Things don’t look too promising about the (immediate) future of business class

May 9, 2020

This post contains references to products from one or more of our advertisers. We may receive compensation when you click on links to those products. Terms apply to the offers listed on this page. For an explanation of our Advertising Policy, visit this page.

It’s been about two months since most of America has been under stay-at-home or shelter-in-place orders due to the coronavirus pandemic. With so few people traveling, the airline industry has been one of the toughest hit.

Earnings season revealed just how much cash carriers are burning through. It’s no surprise, then, that airlines are taking their route networks and fleet strategy back to the drawing board. To save money, many carriers have paused cabin retrofit projects and are greatly scaling back other capital expenditures.

United’s new Boeing 787-8 cabin (Photo by Zach Griff/The Points Guy)

 

Before the pandemic halted travel, carriers worldwide, and particularly those in America, were doubling down on premium cabin retrofits. Delta was going full steam ahead on the introduction of Delta One Suites and United was just beginning to install Polaris and Premium Plus in much of its Dreamliner fleet. And then it stopped abruptly.

Though these product redevelopment projects are on pause to save cash, the coronavirus may kill many key elements of the “soft product” in the name of public health. Most notably, we’ll likely no longer see inflight pillows and blankets for a while.

For more travel tips and news, sign up for our daily newsletter

Just like the seat themselves, there was a revolution in inflight bedding over the past few years. American, Delta and United all got cozy with upscale brands and brought high-quality bedding to the sky. On some routes, you might’ve been offered Casper body pillows or Saks-branded mattress pads.

Unfortunately, that’s about to change. Henry Harteveldt, president at Atmosphere Research Group, told TPG that he believes “airlines won’t provision complimentary pillows and blankets except, perhaps, for their longest flights.”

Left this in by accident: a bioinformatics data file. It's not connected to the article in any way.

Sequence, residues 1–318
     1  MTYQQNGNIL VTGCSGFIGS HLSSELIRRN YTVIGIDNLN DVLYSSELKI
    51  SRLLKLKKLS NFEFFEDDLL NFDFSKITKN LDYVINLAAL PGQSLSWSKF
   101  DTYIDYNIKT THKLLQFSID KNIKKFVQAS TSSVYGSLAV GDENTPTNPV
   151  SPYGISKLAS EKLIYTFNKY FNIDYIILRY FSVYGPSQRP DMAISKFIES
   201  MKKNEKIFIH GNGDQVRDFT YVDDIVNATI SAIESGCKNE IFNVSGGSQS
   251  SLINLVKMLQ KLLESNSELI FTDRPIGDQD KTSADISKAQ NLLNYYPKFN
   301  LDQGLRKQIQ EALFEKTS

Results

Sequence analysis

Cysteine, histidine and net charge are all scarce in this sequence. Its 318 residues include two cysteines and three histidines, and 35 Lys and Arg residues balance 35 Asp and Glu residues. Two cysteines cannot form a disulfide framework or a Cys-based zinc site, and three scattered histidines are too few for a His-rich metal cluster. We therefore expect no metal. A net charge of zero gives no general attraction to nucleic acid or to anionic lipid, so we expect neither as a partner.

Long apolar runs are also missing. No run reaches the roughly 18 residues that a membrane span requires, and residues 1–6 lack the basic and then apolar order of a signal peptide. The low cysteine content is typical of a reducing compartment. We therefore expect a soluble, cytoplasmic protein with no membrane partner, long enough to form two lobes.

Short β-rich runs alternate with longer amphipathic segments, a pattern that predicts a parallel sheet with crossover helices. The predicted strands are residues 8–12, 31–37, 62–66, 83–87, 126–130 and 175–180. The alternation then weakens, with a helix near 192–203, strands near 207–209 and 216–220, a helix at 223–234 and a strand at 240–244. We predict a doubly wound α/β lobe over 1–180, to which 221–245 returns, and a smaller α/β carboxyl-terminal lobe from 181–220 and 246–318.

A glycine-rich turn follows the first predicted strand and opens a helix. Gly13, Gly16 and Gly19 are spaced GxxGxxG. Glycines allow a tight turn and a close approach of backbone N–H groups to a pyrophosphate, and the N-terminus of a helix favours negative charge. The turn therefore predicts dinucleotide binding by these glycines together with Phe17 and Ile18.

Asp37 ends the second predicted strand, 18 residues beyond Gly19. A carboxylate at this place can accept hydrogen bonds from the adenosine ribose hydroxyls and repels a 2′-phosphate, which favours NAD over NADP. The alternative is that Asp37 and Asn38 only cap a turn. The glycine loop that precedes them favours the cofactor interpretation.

In premium cabins, passengers typically receive washed and individually wrapped pillows and blankets. In long-haul coach, the pillow is usually placed at each seat with an individually wrapped blanket.

But now that travelers are going to be more germ-conscious, airlines may remove these amenities — at least for the short term. Herteveldt reasoned that many of these changes are likely just temporary “until we have vaccines or ‘herd immunity.'” Even then, he cautioned, pillows and blankets may never return for coach passengers.

Related: The best neck pillows on the market

But whether or not these changes last two months or two years, business and first class as we know it is going to be changed, at least for the time being.

When people slowly (and safely) start traveling again, it won’t just be the comforter or mattress pad that they’ll miss. Though single-use amenity kits are here to stay, there’s a good chance that we’ll see many of the name-brand headphones replaced with disposable ones. (This is net positive for American Airlines flyers since the carrier typically collects its Bang & Olufsen headsets about an hour before landing).